Monday, March 9, 2015

A Dock in Paris

My version of Luigi's "Quai Bourbon, Paris"
In October of 2009, I came across a photograph of a painting in an art book.  The painting is by Luigi Loir titled "Quai Bourbon, Paris".  The misty golden hue immediately caught my eyes.  It depicted a street scene by the Seine at dusk - perhaps in an early autumn evening.  There was such a quiet beauty in his work.  I knew nothing about him until then.  He quickly became one of my favorite artists.  Luigi Loir was a French artist. (1845 - 1916)  The height of his artistic expression was in the Belle Époque period.  He painted scenes of his beautiful city of Paris caught in fleeting moments of majestic light.  All his paintings were powerful in capturing the ambiance of its time.

In 2014, I was fortunate enough to spend some time in Paris.  Walking along the Seine, I suddenly stopped in front of a street sign.  "Quai de Bourbon".  What synchronicity!  I recalled years ago I had taken notice of Luigi Loir's work and painted my own version of it.  And here I stood at the very setting of that painting.  I looked up the meaning of "quai" which means dock.  It was also an autumn day but early evening on a clear day.  Of course, it was also a century later.  I tried to feel for the Paris of Loir's time.  And imagined it in the golden light at day's end.  I touched the stone wall.  It was here when Luigi was here.  I looked up to the trees.  Most likely the same trees that were sketched in the painting.

"Merci, Monsieur Loir."  I was able to see and experience the beauty of Paris, now and then.

Wednesday, January 26, 2011

"Watching Over Them"

   On April 15th, 2010, a co-worker died very suddenly at work from a heart attack.  Minutes earlier, he was at the blood drive donating blood.  Within half an hour, he passed out and was gone.  He left a wife and a little boy whom he talked about often and much.  You could tell he was one of those guys that never grew up and was not complete till he had this little boy.  Not having children of my own, I can't say I know and understand the love of being a parent.  But reflecting on his sudden death, I somehow knew that Matt would want nothing more than to be able to continue to keep his boy happy and safe.

   Around that time, my manager's milestone birthday was coming up.  She has three lovely kids.  I painted a very small painting for her which I named, "Watching Over Them".  While the children run and play, hand in hand in a field of flowers, two birds swirl over head, guiding and watching over them.  I told her how I came up with this picture.  She understood right away. 

Friday, December 31, 2010

Inspiration Never Came

Back in late summer, a friend of mine and I met for lunch.  We got talking about food, travels, family, work ... you know, life in general.  Then we got onto the subject of art and paintings.  He said he loves Venice and asked if I can do a painting for him with a Venetian scene.  I told him I would be happy to and was excited for such a project.  He bought me lunch as my "fee" for the commission.  What the heck, he's an old friend.  We left lunch promising to email each other with pictures of Venice and to select the one he would like as a painting.  In my mind, I saw two small frames.  He told me he is remodeling his bathroom and he would display them there.  I am cool with that.  A bathroom gets a lot of traffic and is a key room in the house.  I have one of my favorite little paintings in my bathroom to brighten up the room.  And it does a fine job of it.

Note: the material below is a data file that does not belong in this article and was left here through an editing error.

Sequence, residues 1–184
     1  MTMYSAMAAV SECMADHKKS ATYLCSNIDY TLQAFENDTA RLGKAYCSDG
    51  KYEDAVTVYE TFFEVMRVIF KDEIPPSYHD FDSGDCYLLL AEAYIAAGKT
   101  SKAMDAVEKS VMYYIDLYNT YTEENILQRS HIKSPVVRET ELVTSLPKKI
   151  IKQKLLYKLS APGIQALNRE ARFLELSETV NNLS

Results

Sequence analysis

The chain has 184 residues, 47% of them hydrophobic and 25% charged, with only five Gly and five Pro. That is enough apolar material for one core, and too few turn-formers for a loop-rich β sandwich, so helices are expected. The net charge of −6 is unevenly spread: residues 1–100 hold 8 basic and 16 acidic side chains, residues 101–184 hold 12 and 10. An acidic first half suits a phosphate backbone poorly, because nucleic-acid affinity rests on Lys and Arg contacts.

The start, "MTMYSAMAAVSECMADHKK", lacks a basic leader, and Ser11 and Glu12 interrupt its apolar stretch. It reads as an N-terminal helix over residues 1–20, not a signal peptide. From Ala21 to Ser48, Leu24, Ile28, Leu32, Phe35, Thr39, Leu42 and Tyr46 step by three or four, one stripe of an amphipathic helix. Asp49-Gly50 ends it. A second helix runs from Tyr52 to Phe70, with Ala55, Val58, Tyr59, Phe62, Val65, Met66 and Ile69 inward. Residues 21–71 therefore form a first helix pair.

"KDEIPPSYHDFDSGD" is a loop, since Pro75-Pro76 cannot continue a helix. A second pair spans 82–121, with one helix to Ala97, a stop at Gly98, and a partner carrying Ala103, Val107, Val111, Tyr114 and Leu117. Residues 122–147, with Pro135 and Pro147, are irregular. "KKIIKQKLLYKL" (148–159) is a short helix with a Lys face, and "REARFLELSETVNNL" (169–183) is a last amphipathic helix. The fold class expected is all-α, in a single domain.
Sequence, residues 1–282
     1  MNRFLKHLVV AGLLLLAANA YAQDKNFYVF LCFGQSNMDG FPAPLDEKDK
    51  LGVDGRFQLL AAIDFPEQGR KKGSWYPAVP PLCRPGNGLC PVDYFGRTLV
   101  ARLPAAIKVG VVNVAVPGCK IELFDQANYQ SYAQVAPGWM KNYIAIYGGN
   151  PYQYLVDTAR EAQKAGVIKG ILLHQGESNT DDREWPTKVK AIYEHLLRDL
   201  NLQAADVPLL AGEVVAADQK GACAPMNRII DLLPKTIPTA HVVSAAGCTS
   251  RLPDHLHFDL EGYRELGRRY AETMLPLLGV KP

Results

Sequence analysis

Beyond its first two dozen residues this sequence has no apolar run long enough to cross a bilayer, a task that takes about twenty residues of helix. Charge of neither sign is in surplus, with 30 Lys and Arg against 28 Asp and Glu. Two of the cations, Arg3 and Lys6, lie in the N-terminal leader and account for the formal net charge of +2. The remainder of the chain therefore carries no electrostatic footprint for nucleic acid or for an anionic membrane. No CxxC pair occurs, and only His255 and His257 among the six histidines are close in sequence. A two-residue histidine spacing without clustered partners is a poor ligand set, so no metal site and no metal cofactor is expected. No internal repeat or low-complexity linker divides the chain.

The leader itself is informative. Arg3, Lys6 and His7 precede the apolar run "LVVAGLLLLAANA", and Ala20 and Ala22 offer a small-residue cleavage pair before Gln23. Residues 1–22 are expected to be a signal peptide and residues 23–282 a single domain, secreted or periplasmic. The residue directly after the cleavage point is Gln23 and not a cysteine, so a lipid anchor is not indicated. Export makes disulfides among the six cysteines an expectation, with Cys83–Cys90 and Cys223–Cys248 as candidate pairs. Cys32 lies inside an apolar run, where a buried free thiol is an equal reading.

Unfortunately, weeks turned into months, and the inspiration of Venice never came.  I don't know why.  Could it be that I have never seen it?  Not familiar with it?  Never thought of visiting it or just not love it as much as my friend, Steve?  Hmmmmmmm.?  Inspiration did come to paint a peaceful sailboat scene.

I wrote to my friend and attached a photo, "Steve, I painted you this instead.  I am still working on the inspiration for Venice.  I hope you like it."  He wrote back, "OMG,  I absolutely love this painting!  It's ok.  Artists are temperamental and unpredictable.  I can't believe this is for me and can't wait to get it."

Epilogue - Just a couple of weeks ago, another friend of mine wants to travel to Venice.  I said I'll go along.  We added a few more destinations to our tentative itenarary like the Van Gogh Museum in Amsterdam and the Louvre in Paris.  Wow!  Venice.  I bet you I will surely get my inspiration then.  "Steve, you will get your Venice paintings, I promise."

Tuesday, November 2, 2010

Chance Meeting and Painting Clear Glass

One day, I attended a training class for my job in another office building. This was prior to my taking up oil painting. The security guard was painting in the security booth. It was not a very high traffic building, so I supposed his employer saw no harm in him doing that. After my training class, I stopped to talk to him. The combination of his security duties and oil painting worked well together. What a nice way to be able to enjoy your hobby at work! Good for the employer for allowing it.

We talked about how he started and what he enjoyed painting. At the end of our chat, he opened up a little drawer in his paint box and handed me a card. It was a picture of a clear glass vase with flowers. "Take this. It's a picture I painted and I printed it on greeting cards."

Not long after that day, I took up oil painting. 

I was intrigued by the image of the greeting card. It prompted me to ask how do you paint glass? I experimented with it. The principle is actually based on optical illusion. Here's my simple explanation - since one sees what is inside the perimeter or through the object, one’s perception automatically concludes that the perimeter shape must be transparent, and therefore, made of clear glass. The mystery of painting glass is solved.